In DepthAstronomy

Robot detector to map cosmos for clues to dark energy's force

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Science  13 Sep 2019:
Vol. 365, Issue 6458, pp. 1066
DOI: 10.1126/science.365.6458.1066

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Summary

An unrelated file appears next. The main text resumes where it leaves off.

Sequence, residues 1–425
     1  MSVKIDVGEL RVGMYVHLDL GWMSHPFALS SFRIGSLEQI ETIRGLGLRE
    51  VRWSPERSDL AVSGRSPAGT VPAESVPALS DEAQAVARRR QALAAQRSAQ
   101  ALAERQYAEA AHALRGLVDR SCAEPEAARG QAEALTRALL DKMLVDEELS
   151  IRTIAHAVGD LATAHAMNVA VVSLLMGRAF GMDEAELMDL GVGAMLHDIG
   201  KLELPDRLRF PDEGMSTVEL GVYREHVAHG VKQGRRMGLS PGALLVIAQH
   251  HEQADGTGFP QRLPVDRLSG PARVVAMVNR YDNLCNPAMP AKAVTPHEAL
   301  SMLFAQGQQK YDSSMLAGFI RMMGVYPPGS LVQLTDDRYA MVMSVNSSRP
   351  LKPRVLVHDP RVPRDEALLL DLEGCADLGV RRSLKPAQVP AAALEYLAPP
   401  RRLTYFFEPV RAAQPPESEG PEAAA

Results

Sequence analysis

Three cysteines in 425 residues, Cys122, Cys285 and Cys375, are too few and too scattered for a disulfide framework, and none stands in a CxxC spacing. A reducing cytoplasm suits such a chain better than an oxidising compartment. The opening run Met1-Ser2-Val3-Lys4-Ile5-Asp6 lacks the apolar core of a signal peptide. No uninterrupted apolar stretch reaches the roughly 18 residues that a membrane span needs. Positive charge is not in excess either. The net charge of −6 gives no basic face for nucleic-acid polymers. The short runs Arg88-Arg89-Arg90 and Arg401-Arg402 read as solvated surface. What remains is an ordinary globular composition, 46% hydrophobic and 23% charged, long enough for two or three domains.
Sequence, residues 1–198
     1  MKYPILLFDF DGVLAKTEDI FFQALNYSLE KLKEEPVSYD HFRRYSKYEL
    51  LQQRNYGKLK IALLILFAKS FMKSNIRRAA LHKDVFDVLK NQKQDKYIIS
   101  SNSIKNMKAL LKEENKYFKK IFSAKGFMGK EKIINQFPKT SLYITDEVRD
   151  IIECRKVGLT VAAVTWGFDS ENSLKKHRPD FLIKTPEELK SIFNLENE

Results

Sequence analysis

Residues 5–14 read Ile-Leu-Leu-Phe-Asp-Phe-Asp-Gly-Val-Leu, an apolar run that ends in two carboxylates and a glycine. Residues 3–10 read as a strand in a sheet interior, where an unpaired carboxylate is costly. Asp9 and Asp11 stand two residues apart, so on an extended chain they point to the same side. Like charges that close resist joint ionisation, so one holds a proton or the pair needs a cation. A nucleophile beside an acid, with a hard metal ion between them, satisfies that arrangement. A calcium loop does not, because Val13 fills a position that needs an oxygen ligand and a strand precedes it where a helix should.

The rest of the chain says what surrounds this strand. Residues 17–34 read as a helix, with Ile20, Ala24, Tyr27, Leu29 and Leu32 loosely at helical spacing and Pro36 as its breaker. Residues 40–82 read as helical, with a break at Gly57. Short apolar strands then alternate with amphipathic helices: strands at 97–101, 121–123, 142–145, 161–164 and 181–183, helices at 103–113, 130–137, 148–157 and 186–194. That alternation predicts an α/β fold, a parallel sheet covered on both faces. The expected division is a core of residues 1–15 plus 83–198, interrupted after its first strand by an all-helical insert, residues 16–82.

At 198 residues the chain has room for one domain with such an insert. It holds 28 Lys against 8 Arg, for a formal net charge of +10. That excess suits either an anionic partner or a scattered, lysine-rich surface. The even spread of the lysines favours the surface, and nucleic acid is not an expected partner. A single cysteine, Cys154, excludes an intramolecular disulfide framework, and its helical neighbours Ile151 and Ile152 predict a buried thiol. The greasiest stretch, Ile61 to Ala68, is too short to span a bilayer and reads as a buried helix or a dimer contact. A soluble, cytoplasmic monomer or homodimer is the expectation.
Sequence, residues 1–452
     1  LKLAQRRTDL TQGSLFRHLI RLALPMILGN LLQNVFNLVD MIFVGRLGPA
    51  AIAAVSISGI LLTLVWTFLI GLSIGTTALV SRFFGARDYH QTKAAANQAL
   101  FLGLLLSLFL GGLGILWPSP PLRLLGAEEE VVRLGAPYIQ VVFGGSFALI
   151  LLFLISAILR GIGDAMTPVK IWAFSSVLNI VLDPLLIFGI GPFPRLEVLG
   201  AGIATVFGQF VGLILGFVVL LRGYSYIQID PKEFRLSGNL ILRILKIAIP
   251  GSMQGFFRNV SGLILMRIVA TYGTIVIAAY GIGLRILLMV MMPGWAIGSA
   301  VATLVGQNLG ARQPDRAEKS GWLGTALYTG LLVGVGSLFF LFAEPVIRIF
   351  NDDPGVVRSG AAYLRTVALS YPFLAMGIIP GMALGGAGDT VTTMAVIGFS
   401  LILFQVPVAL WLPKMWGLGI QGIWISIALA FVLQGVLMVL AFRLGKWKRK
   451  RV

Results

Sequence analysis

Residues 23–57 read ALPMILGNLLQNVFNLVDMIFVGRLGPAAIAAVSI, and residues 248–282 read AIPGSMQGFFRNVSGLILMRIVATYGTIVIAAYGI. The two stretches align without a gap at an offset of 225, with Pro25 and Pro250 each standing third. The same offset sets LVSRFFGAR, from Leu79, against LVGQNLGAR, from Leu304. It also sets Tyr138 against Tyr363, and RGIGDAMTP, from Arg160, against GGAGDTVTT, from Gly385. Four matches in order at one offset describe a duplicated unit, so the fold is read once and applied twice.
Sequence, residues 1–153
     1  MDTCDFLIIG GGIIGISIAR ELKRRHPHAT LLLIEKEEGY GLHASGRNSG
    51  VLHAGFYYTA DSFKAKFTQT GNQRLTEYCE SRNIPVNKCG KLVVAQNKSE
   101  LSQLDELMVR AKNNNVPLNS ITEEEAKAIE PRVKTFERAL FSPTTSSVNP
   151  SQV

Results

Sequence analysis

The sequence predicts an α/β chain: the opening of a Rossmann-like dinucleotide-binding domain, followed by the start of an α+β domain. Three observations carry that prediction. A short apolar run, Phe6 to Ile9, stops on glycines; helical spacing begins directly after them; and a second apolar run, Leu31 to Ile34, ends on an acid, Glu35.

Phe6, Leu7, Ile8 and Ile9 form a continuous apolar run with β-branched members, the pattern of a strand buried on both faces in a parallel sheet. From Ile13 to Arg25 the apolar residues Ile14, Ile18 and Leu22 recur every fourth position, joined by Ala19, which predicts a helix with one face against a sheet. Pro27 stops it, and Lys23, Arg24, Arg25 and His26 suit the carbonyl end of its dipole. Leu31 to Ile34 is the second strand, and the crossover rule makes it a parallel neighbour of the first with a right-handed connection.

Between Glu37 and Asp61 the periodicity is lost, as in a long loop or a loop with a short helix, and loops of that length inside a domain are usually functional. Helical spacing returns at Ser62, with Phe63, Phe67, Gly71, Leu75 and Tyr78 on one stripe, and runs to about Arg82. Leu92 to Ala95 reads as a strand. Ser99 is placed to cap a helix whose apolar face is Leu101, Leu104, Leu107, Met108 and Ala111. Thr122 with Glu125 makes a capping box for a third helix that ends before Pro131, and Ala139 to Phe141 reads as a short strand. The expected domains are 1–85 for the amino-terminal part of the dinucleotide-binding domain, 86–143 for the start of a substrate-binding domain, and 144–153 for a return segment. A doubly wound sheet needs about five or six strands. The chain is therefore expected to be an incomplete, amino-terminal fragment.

In 1998, astronomers discovered something astonishing: Some antigravitational force was speeding up the expansion of the universe. Two decades later, "dark energy" is still a mystery. But next month, a veteran telescope in Arizona, retrofitted with a robotic system to map an unprecedented 35 million galaxies, will begin to hunt for clues. That huge sample, spanning much of the visible universe, will allow the Dark Energy Spectroscopic Instrument to look for fluctuations in the clumping patterns of galaxies that might betray the nature of dark energy. So far, dark energy appears to have the same effects everywhere, across most of the history of the universe. That suggests it is a constant pressure associated with the fabric of space itself—a so-called cosmological constant. But if dark energy turns out to vary over time, it could require a more exotic explanation, such as an additional force field, sometimes dubbed quintessence. Or it could point to the need for a more fundamental rewrite of general relativity, Einstein's theory of gravity.

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